It’s a reel fam­ily af­fair

Sunday Tasmanian - Tassie Living - - MOVIES - DAR­REN CARTWRIGHT

DI­REC­TOR P. J. Ho­gan says his late fa­ther would ap­prove of the au­to­bi­o­graph­i­cal movie Men­tal , de­spite it de­pict­ing him as a phi­lan­der­ing lo­cal coun­cil­lor in a dys­func­tional fam­ily unit.

Ho­gan said his fa­ther even­tu­ally felt like a hero af­ter Muriel’s Wed­ding be­came pop­u­lar and there­fore would have no qualms about his por­trayal by An­thony LaPaglia in his lat­est film.

Men­tal, just like Muriel’s Wed­ding, is based on Ho­gan’s fam­ily life.

It cen­tres on the men­tal is­sues of Shirley Moochmore, the fic­tional name of Ho­gan’s mother in the movie, played by Re­becca Gib­ney ( pic­tured with Ho­gan).

Com­ing to her aid is a babysit­ting, potsmok­ing hitch­hiker named Shaz ( played by Toni Col­lette) who Barry Moochmore picks up and brings home to look af­ter the fam­ily.

Ho­gan said this ac­tu­ally hap­pened in his life and he is still in contact with the real Shaz.

He said his fa­ther would have been pleased with ‘‘ his role’’ be­cause he gets to re­deem him­self and is seen in a some­what more favourable light than he was in Muriel’s Wed­ding.

‘‘ My dad saw Muriel’s Wed­ding sur­rounded by his mates and the only thing he said to me was ‘ that cut a bit close to the bone’,’’ Ho­gan said.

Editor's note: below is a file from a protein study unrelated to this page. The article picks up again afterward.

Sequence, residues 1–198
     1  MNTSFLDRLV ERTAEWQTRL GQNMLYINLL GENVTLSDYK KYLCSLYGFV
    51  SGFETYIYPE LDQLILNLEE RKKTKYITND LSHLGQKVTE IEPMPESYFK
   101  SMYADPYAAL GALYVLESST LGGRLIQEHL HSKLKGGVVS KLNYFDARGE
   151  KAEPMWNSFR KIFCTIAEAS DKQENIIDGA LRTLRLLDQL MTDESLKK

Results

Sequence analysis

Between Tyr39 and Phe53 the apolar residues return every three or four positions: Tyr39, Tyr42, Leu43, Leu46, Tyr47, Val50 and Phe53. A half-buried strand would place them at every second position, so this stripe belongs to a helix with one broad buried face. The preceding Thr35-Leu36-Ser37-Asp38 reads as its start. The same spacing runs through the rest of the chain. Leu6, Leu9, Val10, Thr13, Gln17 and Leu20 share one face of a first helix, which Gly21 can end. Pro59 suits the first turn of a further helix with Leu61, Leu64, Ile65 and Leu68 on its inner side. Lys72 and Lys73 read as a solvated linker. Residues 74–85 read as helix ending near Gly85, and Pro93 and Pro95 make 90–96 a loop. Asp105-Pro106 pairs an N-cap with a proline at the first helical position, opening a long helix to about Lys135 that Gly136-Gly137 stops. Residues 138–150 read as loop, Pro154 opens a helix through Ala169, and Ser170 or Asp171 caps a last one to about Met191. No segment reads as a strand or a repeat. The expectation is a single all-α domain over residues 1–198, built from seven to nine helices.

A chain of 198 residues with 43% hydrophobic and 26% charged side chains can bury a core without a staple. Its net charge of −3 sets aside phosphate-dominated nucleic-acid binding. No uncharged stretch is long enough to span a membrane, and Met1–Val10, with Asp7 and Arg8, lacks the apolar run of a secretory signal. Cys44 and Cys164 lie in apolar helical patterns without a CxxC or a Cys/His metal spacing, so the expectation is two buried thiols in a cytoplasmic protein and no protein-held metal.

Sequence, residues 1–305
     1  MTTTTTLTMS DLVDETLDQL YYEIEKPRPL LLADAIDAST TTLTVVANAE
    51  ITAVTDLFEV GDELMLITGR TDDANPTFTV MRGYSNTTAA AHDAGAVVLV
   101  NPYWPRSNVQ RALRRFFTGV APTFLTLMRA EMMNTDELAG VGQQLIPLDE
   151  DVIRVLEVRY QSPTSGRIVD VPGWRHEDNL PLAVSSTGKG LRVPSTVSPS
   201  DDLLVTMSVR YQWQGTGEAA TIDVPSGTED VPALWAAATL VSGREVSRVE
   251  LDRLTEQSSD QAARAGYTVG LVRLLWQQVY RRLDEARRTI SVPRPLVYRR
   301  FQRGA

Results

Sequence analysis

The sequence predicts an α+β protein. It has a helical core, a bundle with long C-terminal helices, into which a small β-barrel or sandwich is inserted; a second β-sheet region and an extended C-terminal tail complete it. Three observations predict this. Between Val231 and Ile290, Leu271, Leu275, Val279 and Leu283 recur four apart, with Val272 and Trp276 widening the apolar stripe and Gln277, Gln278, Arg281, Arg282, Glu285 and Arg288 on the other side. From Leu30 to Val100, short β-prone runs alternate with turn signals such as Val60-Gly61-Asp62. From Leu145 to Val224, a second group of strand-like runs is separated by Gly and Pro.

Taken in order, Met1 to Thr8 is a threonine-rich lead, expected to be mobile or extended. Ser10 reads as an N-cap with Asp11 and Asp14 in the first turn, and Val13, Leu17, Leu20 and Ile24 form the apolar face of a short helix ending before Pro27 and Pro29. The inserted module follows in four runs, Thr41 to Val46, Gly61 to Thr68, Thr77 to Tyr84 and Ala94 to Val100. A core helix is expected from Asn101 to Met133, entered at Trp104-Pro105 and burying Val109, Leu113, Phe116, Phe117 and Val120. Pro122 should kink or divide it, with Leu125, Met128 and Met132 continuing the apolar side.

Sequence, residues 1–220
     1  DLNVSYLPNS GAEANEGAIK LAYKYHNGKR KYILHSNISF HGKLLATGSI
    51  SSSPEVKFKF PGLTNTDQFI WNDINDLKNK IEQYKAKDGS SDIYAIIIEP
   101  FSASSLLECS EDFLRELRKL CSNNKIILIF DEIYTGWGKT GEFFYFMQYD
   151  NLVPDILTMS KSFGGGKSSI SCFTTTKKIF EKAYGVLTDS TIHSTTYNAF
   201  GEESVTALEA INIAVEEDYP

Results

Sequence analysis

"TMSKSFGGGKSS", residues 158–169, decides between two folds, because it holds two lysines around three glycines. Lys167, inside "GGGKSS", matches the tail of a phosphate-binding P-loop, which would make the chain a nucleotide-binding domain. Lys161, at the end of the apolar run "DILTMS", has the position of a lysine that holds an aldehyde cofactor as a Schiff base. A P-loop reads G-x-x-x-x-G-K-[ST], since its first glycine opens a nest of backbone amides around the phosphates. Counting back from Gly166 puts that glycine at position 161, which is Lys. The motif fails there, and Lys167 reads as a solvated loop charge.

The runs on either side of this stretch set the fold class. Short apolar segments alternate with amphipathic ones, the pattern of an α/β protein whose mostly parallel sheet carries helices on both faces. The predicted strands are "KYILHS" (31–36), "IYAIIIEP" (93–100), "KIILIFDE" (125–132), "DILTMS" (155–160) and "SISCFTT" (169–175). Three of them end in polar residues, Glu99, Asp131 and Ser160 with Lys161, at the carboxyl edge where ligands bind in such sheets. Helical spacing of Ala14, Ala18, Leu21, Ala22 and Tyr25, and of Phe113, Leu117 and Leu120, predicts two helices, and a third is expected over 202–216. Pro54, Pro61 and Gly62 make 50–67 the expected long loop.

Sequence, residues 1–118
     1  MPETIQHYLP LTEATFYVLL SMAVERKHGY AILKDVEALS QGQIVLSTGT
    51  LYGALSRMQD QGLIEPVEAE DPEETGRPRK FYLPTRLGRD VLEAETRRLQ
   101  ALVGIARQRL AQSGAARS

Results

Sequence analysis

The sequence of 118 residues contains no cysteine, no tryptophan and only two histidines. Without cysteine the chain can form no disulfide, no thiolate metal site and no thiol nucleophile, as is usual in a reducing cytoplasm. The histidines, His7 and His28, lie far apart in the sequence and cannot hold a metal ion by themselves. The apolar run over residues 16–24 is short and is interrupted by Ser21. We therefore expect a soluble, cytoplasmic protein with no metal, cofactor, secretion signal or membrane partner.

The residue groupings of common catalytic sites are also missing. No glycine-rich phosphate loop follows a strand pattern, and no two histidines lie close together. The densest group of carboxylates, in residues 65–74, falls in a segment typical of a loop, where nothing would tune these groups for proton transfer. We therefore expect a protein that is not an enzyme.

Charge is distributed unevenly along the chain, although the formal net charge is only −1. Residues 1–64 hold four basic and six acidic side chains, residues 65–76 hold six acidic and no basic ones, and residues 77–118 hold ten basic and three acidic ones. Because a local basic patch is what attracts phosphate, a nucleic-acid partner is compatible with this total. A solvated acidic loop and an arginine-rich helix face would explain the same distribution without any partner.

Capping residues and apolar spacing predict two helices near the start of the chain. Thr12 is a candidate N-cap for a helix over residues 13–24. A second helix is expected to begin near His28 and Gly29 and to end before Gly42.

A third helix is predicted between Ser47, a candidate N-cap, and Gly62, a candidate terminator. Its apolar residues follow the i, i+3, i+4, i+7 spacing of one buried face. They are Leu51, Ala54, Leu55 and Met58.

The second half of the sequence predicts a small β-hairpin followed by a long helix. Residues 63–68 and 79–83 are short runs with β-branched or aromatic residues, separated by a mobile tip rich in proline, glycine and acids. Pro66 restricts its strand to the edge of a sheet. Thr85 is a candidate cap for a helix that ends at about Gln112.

‘‘ Then when the film be­came a big hit he re­versed com­pletely and said ‘ I love that film, it to­tally vin­di­cates me’.

‘‘ It was like he’d in­vented a new film in his mind and you’d think he’d been fa­ther of the year. When I made Muriel’s Wed­ding that was a much harder por­trait of my dad than this one be­cause in Men­tal, Barry Moochmore re­deems him­self.’’

Hav­ing drained two fea­ture movies out of his fam­ily life, Ho­gan said there’s un­likely to be a third. How­ever, there is pos­si­bly one to be drawn from the real- life Shaz, who is a piv­otal char­ac­ter in Men­tal and has is­sues of her own.

He said she still pops up from time to time and there was one in­stance where Ho­gan and his wife, fel­low film­maker Jo­ce­lyn Moore­house, had to ask her to move out of their Mel­bourne home.

‘‘ The real Shaz was in and out of my life for 20 years and I think that if any­body wanted a se­quel for Men­tal I know ex­actly what Shaz goes on to do – she goes on to drive me crazy,’’ Ho­gan said.

‘‘ She showed up when I was liv­ing with Jo­ce­lyn in Mel­bourne and she needed a place to crash for a week.

‘‘ She stayed for six months and put six foot marijuana plants in our spare room . . . she said she was babysit­ting them.

‘‘ She could have had us all busted . . . she had to go, life with her was too in­tense.’’

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